A worker hooks up pipe during drilling in the Barnett Shale near Fort Worth, Texas in 2012. (Ron Jenkins/Fort Worth Star-Telegram/MCT)
A Texas family that sued a drilling company was awarded close to three million dollars this week by a Dallas County jury. The decision is being called a landmark one by people opposed to hydraulic fracturing or “fracking,” and touted as a first by the plaintiffs’ legal team.
“The fracking industry has really just taken off in the last three or four years. So really this is a new problem to the extent that we’re seeing cases now that are getting a verdict,” David Mathews, a lawyer representing the Parr family, tells StateImpact Texas.
Known as “La Llorona” in Mexican folklore, the ghost of the wailing woman haunts rivers, creaks and streets, depending on who you ask. This popular myth has been told by countless generations of Mexican families and continues to endure to … Continue reading
State regulators blame big spikes in emissions to "upsets" at a few facilities like this one in Houston in 2012. (Dave Fehling/StateImpact)
With budgets already reduced and with more cuts on the way, federal environmental regulators are expected to be doing fewer inspections of industries that pollute. And if state environmental regulators were expected to take up the slack, many of them — including those in Texas —- are dealing with budget cuts of their own.
Heavier truck traffic in the booming Permian Basin has authorities looking for solutions to keep the roads safe (TxDOT)
If you follow local headlines in Midland-Odessa, it seems like there’s a fatal car crash every couple of days.
According to the Texas Department of Transportation, the oil-booming Permian Basin saw a 13 percent increase in roadside deaths from 2012-2013. Last week, a victims’ rights coalition in Midland held a panel discussion on how to deal with the region’s increasingly dangerous roads.
John Ward, operations project task manager at Waste Control Specialists' facility near Andrews, Texas, walks over to inspect concrete canisters that will house drums of nuclear waste. (David Bowser)
A state appeals court has thwarted a challenge to a low-level radioactive waste disposal site in West Texas – a ruling that signals growing difficulties for those trying to scrutinize the decisions of Texas environmental regulators.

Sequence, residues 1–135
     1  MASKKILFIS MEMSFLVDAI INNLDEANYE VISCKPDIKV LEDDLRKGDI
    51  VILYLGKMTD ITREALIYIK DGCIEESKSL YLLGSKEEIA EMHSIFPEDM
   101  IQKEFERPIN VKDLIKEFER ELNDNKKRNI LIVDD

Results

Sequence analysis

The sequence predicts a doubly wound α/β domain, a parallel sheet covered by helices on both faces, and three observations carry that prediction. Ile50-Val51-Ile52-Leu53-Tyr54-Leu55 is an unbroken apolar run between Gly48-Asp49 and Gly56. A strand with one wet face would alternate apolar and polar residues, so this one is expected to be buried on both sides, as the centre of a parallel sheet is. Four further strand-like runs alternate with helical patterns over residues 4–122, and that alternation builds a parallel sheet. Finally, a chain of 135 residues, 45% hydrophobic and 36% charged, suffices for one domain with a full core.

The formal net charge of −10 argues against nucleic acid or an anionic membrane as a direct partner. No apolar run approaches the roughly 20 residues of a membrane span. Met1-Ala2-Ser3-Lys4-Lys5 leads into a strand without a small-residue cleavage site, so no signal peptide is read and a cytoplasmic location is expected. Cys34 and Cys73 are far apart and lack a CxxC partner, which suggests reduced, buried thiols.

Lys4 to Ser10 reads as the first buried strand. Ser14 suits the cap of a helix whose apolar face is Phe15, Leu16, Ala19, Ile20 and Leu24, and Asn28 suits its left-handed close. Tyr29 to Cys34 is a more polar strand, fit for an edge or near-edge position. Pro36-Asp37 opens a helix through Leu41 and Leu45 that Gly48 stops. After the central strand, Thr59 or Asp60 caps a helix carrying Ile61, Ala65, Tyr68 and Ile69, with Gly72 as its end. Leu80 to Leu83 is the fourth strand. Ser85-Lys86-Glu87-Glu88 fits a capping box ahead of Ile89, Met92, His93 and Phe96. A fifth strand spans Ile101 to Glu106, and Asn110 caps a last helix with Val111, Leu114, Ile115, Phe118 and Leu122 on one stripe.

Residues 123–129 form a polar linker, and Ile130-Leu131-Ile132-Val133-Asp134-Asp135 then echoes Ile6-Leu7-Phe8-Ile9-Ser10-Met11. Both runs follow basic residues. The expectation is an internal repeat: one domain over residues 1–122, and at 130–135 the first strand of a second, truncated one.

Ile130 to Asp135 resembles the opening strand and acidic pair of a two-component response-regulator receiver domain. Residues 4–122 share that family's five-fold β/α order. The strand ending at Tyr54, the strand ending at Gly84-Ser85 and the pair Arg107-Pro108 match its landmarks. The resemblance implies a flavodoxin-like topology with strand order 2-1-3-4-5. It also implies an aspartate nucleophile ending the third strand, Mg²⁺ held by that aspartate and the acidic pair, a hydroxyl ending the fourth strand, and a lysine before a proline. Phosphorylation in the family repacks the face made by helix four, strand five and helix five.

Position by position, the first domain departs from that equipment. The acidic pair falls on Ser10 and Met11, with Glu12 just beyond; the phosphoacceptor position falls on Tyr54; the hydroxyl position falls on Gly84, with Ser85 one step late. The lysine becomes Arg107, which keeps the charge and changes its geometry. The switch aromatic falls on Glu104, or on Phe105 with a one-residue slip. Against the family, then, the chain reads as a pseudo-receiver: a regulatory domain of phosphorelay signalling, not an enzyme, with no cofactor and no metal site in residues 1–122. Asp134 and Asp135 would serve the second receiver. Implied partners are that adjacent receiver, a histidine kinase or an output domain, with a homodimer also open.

Depending on whom you ask, such a trend would either rightly save companies time and money or unjustly bar citizens from fully sharing their environmental concerns.
As the weather continues to warm, we continue to look at the process of spring renewal and this week we focus on seeds. A seed is an embryonic plant, usually with its own source of nutrition, and surrounded by an … Continue reading
is broadcast Tuesdays and Thursdays at 8:35 am and 4:45 pm, and again on Thursdays at 7:06 pm.
Pujan Gandhi will give a talk and presentation on the London art scene and the dynamics of the art world and market. Pujan Gandhi has assisted in the curatorial departments of the British Museum, Middlebury College Museum of Art, High Museum of Art and other galleries in New York and Mumbai.
He will be speaking tonight from 6:00 P.M. – 7:00 P.M. the Turner Memorial Art Gallery in the Museum of the Southwest.
From the first geyser to burst from the salt domes of Spindletop to the Texas fracking pioneer George Mitchell, who helped unlock massive oil and gas deposits in shale, the Lone Star State has always been willing to gamble on drilling. And the bets are big. The latest boom has been mostly the work of companies and investors with access to plenty of capital — it’s estimated each oil well in the Eagle Ford shale of South Texas costs between $5 and $10 million to drill.
The Arts Council of Midland holds its annual festival on Saturday (April 5) in downtown Midland. It’s known as Celebration of the Arts.
KXWT News spoke to Executive Director Danny Holeva about its 31st year of artistic exhibitions, workshops, and demonstrations. Click above for the radio report.
Two camouflaged Mexican soldiers crossed into Arizona in January, touching off a standoff with U.S. Border Patrol agents. Both sides drew their weapons before the the Mexican soldiers were detained.
It happened on Jan. 26, prompting a half-hour standoff 2.5 miles west of the Port of Entry at Sasabe, Ariz. After repeated denials that the Mexicans were military personnel, Mexico now says they were indeed soldiers, adding the pair was in pursuit of drug traffickers.
Richard A. Serrano and Tracy Wilkinson of the Los Angeles Times broke this story. They obtained documents outlining what took place and confirmed the veracity of the documents.